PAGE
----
In the meantime, I wrote back to the Reedsy editors with news of my book deal. The editor who told me it would be very hard to sell congratulated me kindly. That felt pretty good. Jennifer Rees, the editor who said she loved the book as it was, sent her congratulations too—and she encouraged me to look for an agent to represent my other books. Because I knew my friend Kathy loved working with Familius, I didn’t feel like I needed an agent to represent me for this book deal (and I didn’t want to give up 15% for a deal I’d gotten on my own). But I knew agents could open doors at other presses that didn’t take unagented submissions. Familus has a fairly narrow focus—they only publish books that relate to families. While you can make an argument that most picture books relate to families, I also write non-fiction picture books that I didn’t think would be a good fit, and I wanted to find them a home. So I decided to reach out to agents, and now I’m represented by Carrie Pestritto at Laura Dail Literary Agency. You can read about that journey here—though, of course, I was keeping the picture book deal secret at the time I announced signing with her, so I couldn’t quite tell the whole story.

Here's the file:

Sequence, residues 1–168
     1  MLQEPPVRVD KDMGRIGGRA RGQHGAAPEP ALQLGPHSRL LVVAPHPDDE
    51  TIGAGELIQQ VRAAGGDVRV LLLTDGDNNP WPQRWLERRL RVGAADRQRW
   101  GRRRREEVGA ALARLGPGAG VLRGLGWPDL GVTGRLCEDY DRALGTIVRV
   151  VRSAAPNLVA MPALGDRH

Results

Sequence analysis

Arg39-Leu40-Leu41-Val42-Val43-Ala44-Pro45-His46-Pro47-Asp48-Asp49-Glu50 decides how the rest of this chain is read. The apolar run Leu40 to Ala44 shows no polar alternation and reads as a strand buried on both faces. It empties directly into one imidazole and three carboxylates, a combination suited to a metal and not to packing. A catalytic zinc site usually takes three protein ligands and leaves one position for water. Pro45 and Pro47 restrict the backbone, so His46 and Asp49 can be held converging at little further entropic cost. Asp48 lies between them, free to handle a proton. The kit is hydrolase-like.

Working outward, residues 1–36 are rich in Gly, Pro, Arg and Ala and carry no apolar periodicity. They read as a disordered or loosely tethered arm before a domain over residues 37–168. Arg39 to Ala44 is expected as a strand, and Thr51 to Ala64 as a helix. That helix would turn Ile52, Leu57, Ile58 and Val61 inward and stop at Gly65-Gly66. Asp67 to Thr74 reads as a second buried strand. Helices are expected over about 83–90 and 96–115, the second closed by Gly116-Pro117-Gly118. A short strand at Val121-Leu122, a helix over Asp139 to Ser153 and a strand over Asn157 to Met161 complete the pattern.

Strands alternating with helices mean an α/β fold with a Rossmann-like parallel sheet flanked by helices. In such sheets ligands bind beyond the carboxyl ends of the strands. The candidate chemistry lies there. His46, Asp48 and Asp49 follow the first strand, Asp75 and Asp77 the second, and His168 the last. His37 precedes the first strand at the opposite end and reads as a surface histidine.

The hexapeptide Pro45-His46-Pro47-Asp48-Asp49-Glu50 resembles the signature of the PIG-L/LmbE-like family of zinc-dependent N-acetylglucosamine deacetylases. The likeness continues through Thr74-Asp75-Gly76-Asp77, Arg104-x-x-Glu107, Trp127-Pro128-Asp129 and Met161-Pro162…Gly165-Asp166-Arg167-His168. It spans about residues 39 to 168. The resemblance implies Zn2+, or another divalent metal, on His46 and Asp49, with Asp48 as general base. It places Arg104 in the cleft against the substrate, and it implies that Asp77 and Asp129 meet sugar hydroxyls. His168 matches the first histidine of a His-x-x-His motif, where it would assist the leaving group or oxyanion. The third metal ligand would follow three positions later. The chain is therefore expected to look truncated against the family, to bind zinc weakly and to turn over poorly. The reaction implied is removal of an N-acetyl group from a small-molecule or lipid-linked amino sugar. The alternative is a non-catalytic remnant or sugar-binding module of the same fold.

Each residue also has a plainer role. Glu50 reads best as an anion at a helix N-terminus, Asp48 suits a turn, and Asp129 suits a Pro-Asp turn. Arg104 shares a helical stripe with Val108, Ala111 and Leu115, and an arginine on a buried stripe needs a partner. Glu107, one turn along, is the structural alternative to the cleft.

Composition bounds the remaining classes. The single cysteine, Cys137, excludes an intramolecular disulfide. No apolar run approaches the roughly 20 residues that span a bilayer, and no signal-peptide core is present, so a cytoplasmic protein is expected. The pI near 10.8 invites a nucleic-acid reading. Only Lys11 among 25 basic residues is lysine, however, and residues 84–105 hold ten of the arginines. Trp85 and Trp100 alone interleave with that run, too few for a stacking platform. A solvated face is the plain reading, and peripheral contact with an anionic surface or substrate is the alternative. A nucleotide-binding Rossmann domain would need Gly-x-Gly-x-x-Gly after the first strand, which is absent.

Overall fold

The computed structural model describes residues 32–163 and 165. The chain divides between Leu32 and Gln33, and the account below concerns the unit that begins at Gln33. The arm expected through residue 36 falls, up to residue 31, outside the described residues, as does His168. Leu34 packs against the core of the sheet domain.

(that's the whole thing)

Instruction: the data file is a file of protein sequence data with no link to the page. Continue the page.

So, that’s how I got my book deal. I am still pretty flummoxed that my first book deal came for a book that I submitted to a small press before I sent it to anyone—not even a critique partner. I would not tell anyone to approach the publication process in this whackadoodle order—submitting and then seeking professional help. But if I’d heard from that first editor who didn’t think the book would sell before submitting the book, I might have never found the courage to press send. The thing is, she did have a point. Everything I’ve read about publishing board books says most publishers either develop board books in-house, buy board books from illustrators, or convert popular hardcovers to board books. Before hearing from Familius, I didn’t  know that this book would be perfect for a board book, and I didn’t know that Familius had a line of padded board books. Frankly, I got lucky to find this perfect home for this book. Though, of course, I also made the luck by writing the book and having the guts to submit it.